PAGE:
This is a guest post by Katie Forsythe from The Baby Sleep Company.
This Sunday the 5th of April, the majority of Australians will wind back their clock to adjust for the end of daylight savings time. As if it isn’t sad enough that summer has ended, the change can also mean a disruption to toddler and young children’s sleep patterns. Newborn and young babies tend to not be affected as much which is great news but as with any sleep disruption, for families with older babies it can mean resorting to previously unneeded sleep aids which can then turn into a habitual sleep issue. Yikes!
Even adults can find themselves a bit sleepy for a few days as their body adjusts to the new time, so it stands to reason that kids would feel that impact even longer but there are definitely steps you can take to lessen this impact.
Adjust sleep times slowly
In the four days leading up to April 5th try to shift your toddler’s sleep times by 15 minutes per day. It can be useful to apply this to naps as well as bedtime to make it easier for them to last the extra time in the evening and not get too overtired. If you know your child is particularly sensitive to routine changes it can be helpful to start this process even earlier and only adjust by 15 minutes every two days. By planning it out on a calendar you can ensure that you arrive at the correct ‘bedtime’ on the night that we wind our clocks back.
Natural sunlight can your best friend when it comes to helping your toddler gently adjust their circadian rhythm (body clock). Much like when we’re trying to help a child get through jet-lag, it’s important to try to spend at least an hour a day outside in broad daylight (obviously remembering to protect your little one from sunburn!) when adjusting to the daylight savings clock wind back.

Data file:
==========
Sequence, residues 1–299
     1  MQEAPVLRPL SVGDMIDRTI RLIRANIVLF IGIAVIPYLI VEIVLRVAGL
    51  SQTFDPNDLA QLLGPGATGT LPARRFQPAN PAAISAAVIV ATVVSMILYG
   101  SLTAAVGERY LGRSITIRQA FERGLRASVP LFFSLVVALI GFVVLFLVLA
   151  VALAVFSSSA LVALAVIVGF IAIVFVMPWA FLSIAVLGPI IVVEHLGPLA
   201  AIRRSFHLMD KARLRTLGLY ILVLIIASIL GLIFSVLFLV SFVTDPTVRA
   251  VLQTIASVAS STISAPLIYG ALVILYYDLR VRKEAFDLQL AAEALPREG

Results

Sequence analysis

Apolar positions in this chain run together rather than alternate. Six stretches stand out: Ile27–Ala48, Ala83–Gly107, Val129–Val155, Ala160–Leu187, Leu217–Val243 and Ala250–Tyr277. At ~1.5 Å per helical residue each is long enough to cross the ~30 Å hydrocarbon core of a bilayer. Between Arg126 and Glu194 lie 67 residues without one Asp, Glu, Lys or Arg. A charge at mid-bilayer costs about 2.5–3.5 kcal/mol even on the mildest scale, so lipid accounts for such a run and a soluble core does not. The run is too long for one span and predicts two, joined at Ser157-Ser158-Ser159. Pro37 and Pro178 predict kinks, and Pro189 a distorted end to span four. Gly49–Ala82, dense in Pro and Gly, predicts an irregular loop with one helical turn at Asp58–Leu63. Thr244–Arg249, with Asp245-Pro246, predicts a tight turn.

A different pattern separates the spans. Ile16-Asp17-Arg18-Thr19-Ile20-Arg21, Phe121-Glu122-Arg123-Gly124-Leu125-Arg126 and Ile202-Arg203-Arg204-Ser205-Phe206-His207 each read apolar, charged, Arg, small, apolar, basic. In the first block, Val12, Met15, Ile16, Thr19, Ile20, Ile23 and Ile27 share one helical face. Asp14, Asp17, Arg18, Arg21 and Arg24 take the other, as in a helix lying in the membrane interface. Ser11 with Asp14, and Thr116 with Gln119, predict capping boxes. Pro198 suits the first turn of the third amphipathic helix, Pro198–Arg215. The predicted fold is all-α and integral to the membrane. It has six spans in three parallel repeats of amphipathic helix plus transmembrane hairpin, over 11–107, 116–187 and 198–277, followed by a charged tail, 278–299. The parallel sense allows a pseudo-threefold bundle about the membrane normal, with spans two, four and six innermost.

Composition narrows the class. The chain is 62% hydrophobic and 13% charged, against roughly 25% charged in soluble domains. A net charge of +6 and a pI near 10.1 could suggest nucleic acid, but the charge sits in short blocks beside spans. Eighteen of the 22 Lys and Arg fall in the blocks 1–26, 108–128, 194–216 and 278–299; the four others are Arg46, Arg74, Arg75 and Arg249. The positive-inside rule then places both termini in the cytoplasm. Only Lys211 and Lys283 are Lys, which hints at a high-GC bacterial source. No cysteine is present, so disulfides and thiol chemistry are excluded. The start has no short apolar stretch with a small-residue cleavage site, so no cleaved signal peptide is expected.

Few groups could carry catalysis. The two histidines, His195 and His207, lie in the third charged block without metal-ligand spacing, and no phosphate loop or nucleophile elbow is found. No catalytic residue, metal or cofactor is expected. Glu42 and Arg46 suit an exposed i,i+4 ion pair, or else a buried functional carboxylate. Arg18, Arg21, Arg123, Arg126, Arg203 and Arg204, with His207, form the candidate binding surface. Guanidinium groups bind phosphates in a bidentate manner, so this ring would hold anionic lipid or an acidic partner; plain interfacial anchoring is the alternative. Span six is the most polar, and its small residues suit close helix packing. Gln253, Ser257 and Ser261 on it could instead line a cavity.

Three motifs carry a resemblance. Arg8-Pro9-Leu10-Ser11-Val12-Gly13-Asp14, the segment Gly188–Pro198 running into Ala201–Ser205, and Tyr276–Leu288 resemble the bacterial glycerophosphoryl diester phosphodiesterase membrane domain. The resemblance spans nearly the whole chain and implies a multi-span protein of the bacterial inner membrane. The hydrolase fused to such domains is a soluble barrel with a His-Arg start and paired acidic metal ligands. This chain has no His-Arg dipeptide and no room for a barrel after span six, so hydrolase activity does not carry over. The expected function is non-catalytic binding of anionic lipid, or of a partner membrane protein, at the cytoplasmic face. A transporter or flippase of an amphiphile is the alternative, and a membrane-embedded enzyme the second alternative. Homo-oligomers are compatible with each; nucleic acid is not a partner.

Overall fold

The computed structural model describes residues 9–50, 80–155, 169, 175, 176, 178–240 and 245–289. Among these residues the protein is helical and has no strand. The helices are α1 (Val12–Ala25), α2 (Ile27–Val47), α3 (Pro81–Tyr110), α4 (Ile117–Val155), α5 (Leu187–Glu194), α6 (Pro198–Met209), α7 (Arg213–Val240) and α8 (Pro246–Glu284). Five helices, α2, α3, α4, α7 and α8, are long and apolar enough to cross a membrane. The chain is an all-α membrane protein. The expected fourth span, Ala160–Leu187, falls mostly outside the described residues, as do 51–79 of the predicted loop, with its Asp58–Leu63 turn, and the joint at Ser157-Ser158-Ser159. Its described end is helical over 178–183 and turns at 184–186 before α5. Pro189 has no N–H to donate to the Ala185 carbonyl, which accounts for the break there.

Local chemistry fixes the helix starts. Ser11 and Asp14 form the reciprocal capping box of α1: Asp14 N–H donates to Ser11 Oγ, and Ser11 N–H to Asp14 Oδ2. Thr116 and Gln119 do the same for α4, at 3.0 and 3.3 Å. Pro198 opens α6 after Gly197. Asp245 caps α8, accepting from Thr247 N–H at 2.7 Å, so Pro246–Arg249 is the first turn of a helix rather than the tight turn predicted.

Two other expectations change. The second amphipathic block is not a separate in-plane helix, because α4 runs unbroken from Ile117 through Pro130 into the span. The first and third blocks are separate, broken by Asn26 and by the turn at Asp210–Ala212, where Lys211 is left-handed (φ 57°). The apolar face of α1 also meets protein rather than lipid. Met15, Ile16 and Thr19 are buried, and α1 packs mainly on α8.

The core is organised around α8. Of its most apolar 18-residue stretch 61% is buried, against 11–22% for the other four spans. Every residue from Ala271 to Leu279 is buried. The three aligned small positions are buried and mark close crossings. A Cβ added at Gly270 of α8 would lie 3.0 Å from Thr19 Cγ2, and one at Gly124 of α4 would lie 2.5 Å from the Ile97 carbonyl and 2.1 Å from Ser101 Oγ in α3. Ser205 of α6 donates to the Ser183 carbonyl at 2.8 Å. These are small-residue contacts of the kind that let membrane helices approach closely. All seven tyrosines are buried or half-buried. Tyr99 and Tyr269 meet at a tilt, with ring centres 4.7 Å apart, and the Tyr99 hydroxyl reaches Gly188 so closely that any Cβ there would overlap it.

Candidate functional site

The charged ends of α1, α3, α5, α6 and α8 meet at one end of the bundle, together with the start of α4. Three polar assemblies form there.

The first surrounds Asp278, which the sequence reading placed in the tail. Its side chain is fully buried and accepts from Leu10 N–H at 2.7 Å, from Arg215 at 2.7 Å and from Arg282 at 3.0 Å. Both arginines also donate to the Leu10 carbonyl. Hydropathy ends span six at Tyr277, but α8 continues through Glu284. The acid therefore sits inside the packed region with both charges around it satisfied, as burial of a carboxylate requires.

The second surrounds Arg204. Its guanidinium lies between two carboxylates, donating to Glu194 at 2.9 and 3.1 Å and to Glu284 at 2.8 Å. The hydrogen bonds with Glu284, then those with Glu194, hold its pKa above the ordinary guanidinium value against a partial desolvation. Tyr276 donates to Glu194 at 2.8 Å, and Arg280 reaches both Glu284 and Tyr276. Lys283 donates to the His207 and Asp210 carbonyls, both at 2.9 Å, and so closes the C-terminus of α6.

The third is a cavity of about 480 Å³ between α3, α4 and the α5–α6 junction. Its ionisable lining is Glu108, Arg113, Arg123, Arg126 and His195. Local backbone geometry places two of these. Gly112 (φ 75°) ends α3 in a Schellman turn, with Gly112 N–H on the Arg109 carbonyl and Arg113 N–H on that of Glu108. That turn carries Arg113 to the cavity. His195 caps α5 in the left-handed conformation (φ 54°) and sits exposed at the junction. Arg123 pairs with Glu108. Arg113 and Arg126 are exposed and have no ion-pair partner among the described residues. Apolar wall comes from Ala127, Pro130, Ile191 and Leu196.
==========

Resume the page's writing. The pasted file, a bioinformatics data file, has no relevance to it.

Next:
When we wind our clocks back at the end of daylight savings naturally it means it’s darker outside earlier. Try to limit bright indoor lights after sundown and use softer lamps for lighting instead. It can also be very helpful to restrict usage of devices that emit bright light (such as iPads, iPhones, television and computers) after sundown as these can artificially impact your toddler’s circadian rhythm as well.
Black out blinds
While winding back the clock means that it is darker at bedtime (hurray!) it also unfortunately means that it is lighter earlier in the morning than it was last week (boooooo!). Seeing as the presence of light is one of the main triggers for a human to wake, a tactic for daylight savings related early rising is to make the room as dark as possible to delay your toddler’s morning wake time.
And finally – be patient!
Most families report that they feel the repercussions of the time change for as long as a week after the end of daylight savings time. Be prepared to deal with a slightly grumpier toddler who is probably feeling the effects of the time change more than you are and try to make allowances for that.